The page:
‘Nobel’ prize of neuroscience awarded to three British researchers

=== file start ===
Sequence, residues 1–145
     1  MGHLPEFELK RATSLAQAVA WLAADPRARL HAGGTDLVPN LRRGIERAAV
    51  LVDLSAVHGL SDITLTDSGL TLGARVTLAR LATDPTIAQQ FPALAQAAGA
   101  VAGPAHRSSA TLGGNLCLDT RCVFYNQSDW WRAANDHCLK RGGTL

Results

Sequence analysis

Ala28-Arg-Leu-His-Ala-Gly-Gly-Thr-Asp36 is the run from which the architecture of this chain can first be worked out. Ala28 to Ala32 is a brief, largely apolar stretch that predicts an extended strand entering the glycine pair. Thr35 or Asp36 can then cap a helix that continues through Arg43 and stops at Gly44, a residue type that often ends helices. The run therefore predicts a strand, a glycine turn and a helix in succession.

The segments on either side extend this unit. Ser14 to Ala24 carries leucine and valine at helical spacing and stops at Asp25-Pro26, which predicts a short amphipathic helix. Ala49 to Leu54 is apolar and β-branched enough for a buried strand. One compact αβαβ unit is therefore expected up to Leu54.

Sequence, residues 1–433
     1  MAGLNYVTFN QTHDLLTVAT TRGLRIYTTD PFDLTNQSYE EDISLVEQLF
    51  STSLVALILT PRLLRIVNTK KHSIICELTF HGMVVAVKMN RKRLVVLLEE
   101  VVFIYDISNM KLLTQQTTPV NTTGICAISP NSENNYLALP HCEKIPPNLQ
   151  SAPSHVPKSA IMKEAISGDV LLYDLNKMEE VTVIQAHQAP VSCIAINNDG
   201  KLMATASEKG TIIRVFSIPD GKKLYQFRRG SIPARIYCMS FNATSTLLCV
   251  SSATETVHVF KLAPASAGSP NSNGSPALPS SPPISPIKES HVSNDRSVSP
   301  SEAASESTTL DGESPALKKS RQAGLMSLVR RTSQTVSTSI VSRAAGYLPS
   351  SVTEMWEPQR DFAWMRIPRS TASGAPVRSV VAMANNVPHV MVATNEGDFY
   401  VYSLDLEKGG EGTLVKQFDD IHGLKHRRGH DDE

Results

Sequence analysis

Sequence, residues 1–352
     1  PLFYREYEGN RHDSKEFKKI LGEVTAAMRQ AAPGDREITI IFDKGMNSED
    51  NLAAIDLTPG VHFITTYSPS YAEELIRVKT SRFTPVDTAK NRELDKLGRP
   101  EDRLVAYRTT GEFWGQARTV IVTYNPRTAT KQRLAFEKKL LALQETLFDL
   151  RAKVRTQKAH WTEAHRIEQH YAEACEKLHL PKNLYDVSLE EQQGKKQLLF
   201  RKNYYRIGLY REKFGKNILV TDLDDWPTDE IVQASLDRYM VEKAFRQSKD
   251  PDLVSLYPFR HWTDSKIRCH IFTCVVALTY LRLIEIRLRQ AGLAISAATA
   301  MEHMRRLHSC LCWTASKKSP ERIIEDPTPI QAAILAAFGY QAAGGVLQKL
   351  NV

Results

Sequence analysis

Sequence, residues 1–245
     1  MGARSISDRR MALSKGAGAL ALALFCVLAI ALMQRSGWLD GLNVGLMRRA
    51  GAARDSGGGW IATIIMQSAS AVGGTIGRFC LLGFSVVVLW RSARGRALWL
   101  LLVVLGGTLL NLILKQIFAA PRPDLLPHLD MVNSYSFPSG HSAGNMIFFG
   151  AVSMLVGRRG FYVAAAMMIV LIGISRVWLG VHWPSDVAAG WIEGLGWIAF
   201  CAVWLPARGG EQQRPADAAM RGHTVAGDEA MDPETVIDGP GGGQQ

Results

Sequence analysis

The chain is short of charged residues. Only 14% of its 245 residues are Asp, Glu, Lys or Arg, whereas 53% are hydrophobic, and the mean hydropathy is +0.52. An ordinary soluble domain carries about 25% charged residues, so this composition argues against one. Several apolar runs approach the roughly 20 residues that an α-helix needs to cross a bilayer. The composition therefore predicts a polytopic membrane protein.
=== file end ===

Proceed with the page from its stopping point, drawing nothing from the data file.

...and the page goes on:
Three British researchers have received one of the world’s most coveted science prizes for work that uncovered the foundation of memory. Professors Tim Bliss, Graham Collingridge and Richard Morris were awarded the Brain Prize, regarded as the “Nobel” of neuroscience and worth one million euro (£780,300). It is the first time Britain has monopolised the prize, with all a single year’s recipients coming from the UK. Each member of the trio made ground-breaking advances shedding light on the way nerve connections, or synapses, in the hippocampus – a brain region vital to memory – are strengthened by repeated stimulation. The process, called long-term potentiation (LTP), persists throughout life and forms the basis of our ability to learn and remember. It also underpins the brain’s inherent “plasticity” – its ability to…


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